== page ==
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Legislation and policy

Culture, Colonization and Policy Making: Issues in Native American Health

To improve health care, education, and prevention, a larger cultural and historical contextual framework is needed which pays heed to the impact of colonization and its effects on Native peoples. Such a holistic framework evaluates the long-term impact of introduced diseases and the cultural trauma caused by the removal of Indians to reservations (Jaimes 1992), the boarding school era (Johansen 2000), and the forced sterilizations of Native women (Carpio 1995; Torpy 1998).

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Citation / Reference: 
Olsen, B. (2002). Culture, Colonization and Policy Making: Issues in Native American Health. Paper presentation for the Symposium on Politics of Race, Culture and Health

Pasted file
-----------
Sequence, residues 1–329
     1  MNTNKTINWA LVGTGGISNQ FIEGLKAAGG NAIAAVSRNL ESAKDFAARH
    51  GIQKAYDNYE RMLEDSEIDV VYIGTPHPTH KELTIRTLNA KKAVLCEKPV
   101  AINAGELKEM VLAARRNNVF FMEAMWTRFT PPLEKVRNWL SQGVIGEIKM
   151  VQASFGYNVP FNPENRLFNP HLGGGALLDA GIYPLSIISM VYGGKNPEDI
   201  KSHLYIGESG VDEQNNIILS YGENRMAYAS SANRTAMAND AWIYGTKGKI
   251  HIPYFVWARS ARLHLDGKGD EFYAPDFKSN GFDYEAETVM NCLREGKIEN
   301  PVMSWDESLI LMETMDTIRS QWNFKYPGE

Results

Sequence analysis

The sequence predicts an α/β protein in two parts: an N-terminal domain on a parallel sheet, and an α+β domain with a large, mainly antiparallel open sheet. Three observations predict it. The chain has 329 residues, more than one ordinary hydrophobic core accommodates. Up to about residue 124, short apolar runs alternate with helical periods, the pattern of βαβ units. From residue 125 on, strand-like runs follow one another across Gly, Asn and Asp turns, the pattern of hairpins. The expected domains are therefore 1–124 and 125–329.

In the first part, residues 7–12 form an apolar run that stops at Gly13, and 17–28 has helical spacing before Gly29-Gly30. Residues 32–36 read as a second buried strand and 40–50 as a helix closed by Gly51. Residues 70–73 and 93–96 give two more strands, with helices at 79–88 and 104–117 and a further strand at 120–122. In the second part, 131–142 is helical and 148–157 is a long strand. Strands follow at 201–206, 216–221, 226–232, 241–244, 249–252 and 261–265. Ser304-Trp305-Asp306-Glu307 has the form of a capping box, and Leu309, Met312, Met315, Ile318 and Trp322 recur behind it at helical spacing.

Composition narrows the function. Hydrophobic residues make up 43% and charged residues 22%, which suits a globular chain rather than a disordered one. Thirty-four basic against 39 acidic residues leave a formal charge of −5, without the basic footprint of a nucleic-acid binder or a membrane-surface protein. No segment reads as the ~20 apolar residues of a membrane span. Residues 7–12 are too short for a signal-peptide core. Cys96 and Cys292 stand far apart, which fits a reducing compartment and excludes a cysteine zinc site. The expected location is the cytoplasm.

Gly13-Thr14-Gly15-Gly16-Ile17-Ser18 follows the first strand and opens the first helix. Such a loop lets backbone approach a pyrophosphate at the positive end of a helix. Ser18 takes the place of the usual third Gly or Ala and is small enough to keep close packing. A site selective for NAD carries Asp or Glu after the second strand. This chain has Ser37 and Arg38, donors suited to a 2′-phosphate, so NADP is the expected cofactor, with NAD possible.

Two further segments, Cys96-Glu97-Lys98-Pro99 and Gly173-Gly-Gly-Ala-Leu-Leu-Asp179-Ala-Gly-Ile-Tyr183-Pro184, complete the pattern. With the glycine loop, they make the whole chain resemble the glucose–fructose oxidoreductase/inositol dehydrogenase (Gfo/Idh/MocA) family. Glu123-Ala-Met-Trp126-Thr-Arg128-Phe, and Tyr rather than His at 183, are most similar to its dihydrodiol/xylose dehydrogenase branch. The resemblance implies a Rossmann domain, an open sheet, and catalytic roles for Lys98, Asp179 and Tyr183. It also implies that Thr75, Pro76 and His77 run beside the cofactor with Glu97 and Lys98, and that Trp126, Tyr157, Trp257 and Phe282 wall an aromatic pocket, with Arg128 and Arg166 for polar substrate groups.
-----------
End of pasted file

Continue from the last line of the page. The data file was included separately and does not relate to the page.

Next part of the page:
Asserting Tribal Sovereignty over Cultural Property: Moving Towards Protection of Genetic Material and Indigenous Knowledge

The purpose of this article is to provide, to tribes faced with an era of genetic research, some guidance about how to establish strong protections over their genetic material and Indigenous knowledge. The first section will discuss why genetic material should be protected as cultural property and will briefly examine why tribes need to be concerned about research involving genetic material and Indigenous knowledge, with a particular focus on human genetic research. The second section will examine a variety of examples of human genetic research on Indigenous peoples.

Citation / Reference: 
Harry, D., Kanehe, L. (2006). Asserting Tribal Sovereignty Over Cultural Property: Moving Towards Protection of Genetic Material and Indigenous Knowledge in Seattle Journal for Social Justice - Indigenous Land and Property Rights. 5 Seattle J. for Social Justice 27